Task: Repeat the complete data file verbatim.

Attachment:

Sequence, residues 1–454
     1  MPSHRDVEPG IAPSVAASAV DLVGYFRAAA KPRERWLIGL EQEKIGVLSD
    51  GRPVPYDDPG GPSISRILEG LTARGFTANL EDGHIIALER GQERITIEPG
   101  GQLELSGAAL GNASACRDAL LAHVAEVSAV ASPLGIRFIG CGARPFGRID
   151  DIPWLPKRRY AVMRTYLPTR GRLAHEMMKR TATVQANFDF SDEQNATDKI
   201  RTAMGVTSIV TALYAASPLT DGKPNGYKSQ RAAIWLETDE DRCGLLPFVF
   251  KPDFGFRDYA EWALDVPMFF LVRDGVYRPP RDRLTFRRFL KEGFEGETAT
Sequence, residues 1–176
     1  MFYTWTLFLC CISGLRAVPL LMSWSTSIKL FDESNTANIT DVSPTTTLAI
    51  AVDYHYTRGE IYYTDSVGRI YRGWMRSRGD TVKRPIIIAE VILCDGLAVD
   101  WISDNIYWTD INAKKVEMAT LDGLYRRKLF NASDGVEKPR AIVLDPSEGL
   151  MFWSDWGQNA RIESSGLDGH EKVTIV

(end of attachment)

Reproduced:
Sequence, residues 1–454
     1  MPSHRDVEPG IAPSVAASAV DLVGYFRAAA KPRERWLIGL EQEKIGVLSD
    51  GRPVPYDDPG GPSISRILEG LTARGFTANL EDGHIIALER GQERITIEPG
   101  GQLELSGAAL GNASACRDAL LAHVAEVSAV ASPLGIRFIG CGARPFGRID
   151  DIPWLPKRRY AVMRTYLPTR GRLAHEMMKR TATVQANFDF SDEQNATDKI
   201  RTAMGVTSIV TALYAASPLT DGKPNGYKSQ RAAIWLETDE DRCGLLPFVF
   251  KPDFGFRDYA EWALDVPMFF LVRDGVYRPP RDRLTFRRFL KEGFEGETAT
Sequence, residues 1–176
     1  MFYTWTLFLC CISGLRAVPL LMSWSTSIKL FDESNTANIT DVSPTTTLAI
    51  AVDYHYTRGE IYYTDSVGRI YRGWMRSRGD TVKRPIIIAE VILCDGLAVD
   101  WISDNIYWTD INAKKVEMAT LDGLYRRKLF NASDGVEKPR AIVLDPSEGL
   151  MFWSDWGQNA RIESSGLDGH EKVTIV